Then we went back to the Church of the Eremitani which is also called Hermit church. It didn’t open in the afternoon until 4:30. This church dates back to 1276.  It had been built for the Order of the Eremitani Brotherhood.  The architecture is 13th century mid-Veneto.  The upper part of the facade is in fired brick.  Underneath the sloping roof are small hanging arches. In the center of four and a half pilaster strips is a rose window with two smaller round windows (eyes) on either side in the center to adjacent pilasters.  The lower part is in stone, and lowest part has no decorations – only pilaster strips and high windows.



    Inside, the main nave ends in a central apse and two small apses on either side.  It has a wooden boxed-in ceiling.


     It had been bombed and almost destroyed during WWII.   Parts of some of the frescoes were still on the wall, and others were being restored




    .  In one chapel, the drawing on the wall of the previously damaged fresco could be seen.  They were just beginning to apply paint to various small areas. We visited a small chapel and participated in the Mass that was being sParts of some of fresco were still on the walls and others aid. 


     Next door was the Scrovegni Chapel, commonly called the Arena Chapel because it is in the garden of a former Roman Arena.  The chapel is famous because Giotto was commissioned by Henry Scrovegni to fresco it with the story of Mary and Christ.  It is the best conserved fresco work of Giotto.  Only 25 people are allowed in at a time for a 15 minute visit.   We had reserved tickets some months before on the internet.  Several people that I talked to in my classes could not even get a ticket which was very disappointing.  SO ORDER ON LINE BEFORE GOING!!!

    Before entering the Arena Chapel, purses, back packs, etc had to be checked at the museum store.  Then we had to go into a sort of a temperature stabilization room before going into the chapel. While this was taking place, a video about the frescos was shown.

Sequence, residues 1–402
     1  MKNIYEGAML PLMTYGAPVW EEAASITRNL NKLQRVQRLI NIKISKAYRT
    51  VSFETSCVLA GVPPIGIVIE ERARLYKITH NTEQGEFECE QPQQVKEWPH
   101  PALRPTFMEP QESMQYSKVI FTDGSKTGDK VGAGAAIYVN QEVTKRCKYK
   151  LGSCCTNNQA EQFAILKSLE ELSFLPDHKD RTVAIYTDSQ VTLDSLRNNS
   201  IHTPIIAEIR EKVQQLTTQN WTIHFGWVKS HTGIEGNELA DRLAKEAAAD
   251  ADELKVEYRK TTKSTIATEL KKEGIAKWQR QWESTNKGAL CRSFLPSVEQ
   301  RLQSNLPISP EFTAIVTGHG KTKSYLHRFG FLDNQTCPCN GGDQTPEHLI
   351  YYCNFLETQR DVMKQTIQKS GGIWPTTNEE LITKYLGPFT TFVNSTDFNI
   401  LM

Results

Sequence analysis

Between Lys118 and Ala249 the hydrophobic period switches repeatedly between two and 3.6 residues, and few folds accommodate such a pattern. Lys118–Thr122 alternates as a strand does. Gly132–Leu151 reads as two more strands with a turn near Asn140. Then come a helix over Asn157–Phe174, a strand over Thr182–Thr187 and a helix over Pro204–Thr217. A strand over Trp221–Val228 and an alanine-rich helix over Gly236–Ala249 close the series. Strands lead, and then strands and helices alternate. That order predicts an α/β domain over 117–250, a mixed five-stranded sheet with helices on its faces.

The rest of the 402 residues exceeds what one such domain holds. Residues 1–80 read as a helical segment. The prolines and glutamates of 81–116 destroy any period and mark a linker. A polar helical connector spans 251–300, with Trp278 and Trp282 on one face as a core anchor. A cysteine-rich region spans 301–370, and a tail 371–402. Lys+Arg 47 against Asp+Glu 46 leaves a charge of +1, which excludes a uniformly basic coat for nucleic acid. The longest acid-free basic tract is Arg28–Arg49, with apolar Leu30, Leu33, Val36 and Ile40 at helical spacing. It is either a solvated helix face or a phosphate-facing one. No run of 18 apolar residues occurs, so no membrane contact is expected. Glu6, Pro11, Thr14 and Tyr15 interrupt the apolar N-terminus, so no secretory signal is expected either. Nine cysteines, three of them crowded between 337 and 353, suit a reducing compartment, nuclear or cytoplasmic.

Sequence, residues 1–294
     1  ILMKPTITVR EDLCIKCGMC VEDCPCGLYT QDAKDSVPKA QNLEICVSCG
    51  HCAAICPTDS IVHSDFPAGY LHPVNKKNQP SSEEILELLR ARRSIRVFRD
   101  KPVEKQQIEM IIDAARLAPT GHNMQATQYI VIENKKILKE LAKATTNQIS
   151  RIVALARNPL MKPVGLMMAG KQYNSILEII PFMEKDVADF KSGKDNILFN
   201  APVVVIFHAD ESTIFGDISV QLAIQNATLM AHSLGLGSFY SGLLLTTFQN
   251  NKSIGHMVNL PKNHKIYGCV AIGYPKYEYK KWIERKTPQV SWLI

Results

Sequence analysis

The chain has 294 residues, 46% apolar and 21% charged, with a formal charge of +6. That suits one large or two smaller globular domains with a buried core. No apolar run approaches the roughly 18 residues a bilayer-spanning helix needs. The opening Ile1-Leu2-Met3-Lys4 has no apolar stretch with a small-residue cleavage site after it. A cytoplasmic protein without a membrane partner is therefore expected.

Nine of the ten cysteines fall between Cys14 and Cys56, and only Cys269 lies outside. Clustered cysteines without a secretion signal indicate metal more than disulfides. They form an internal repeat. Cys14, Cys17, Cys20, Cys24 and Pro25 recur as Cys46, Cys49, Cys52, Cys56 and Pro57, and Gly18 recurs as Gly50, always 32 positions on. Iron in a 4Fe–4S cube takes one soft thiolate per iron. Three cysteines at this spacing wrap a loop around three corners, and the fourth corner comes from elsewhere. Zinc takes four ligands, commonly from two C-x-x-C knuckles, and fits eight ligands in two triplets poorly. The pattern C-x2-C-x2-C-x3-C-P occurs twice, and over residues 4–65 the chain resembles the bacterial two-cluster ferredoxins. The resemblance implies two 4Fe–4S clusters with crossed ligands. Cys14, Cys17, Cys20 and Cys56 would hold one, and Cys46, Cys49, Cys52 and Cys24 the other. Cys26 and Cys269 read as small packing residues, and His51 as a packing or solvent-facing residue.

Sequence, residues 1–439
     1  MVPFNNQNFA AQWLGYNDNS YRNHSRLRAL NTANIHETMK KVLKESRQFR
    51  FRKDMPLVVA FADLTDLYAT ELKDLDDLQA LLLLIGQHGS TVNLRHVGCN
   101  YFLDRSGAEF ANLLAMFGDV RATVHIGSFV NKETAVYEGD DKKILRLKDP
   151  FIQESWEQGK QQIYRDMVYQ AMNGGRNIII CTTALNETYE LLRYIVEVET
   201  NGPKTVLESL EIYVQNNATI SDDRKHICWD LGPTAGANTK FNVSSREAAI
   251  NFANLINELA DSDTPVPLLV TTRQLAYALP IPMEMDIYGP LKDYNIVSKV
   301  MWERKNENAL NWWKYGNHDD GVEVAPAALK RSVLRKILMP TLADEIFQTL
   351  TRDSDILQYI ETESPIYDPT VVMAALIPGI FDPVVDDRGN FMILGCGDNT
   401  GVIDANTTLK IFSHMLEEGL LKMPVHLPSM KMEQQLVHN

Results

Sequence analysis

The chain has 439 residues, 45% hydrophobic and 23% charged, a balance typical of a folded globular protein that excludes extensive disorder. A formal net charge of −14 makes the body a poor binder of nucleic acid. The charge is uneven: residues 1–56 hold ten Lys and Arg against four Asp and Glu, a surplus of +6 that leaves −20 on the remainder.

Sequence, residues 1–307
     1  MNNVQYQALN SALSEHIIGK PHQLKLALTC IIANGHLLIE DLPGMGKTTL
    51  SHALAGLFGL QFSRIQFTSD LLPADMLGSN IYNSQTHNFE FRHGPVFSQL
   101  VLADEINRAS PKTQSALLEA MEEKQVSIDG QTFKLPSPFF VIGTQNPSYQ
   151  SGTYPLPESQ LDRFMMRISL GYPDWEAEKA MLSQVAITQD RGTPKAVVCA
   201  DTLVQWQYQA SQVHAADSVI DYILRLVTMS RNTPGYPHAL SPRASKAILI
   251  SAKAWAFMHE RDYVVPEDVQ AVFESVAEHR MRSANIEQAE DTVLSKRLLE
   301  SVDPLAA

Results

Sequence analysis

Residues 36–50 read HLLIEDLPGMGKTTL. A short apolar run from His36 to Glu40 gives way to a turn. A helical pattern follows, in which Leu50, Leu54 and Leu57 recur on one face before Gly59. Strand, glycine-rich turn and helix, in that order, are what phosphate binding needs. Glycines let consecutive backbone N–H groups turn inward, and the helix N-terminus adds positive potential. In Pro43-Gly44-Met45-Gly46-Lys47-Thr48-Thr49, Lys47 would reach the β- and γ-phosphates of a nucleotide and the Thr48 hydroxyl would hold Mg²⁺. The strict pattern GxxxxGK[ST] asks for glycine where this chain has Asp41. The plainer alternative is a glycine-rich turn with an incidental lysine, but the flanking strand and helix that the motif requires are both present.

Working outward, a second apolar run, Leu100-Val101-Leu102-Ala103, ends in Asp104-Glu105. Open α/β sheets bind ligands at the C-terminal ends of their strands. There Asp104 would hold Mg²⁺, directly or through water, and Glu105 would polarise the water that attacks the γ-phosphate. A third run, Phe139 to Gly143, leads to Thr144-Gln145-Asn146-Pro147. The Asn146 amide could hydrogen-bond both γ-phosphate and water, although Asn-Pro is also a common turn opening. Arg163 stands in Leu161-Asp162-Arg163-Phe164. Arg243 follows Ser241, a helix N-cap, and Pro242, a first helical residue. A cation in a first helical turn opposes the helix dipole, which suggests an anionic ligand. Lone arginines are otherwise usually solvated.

This cycle is even larger, more complete, and better preserved than the famed St. Francis frescoes in Assisi. Giotto worked from 1303 to 1306 to completely cover the ceiling and walls with 38 scenes illustrating the lives of the Virgin and of Christ from floor to ceiling. There are three bands that cover the walls are: top right, Life of Joachim; top left, Life of the Virgin; right center, The Childhood of Christ; left center, Christ's Public Life; right bottom, The Passion of Christ (the third panel of Judas kissing Christ is the best known of the entire cycle); left bottom, Christ's Death and Resurrection. Above the entrance is the fresco of the Last Judgment: Christ, as judge, sits in the center, surrounded by the angels and apostles. Below him, to the right, are the blessed, while to the left, Giotto created a terrible hell in which devils and humans are condemned to eternal punishment. Cobalt blue is the dominant color; the illustrations are in that typical easy-to-understand medieval comic-strip format, but here they take on an unprecedented degree of realism and emotion. Of course no pictures were allowed.  There are a number of good websites where you can view all of the fresco.  

      Afterwards we went back into the museum to get my wife’s purse and bought a book about Giotto and one about Arena chapel.    It was truly a wonderful experience.


    It was about 8:30 pm when we left Arena Chapel and headed back to our hotel.  We stopped at Brek’s which is a self service Italian cafeteria  and had dinner.   There were a number of “stations” around the dining room where you could help yourself to pastas, made fresh while you wait, and topped with your choice of sauce. There's a counter just for omelets made express, another for entrees and pizza. The dessert tray had an array of cheeses, fresh fruits, fruit salads, tarts, and cobblers. It was an enjoyable dinner.  (I forgot to write down what we ate!)


    We went back to the hotel and packed a little before going to bed.  


    Day 1 - PADUA

    DAY 2 - PADUA

    DAY 3 - PADUA








    DAY 11 - VENICE

    DAY 12 - VENICE

    DAY 13 - VENICE

    DAY 14 - VENICE

    DAY 15 - VENICE

    DAY 16 - VENICE

    DAY 17 - VENICE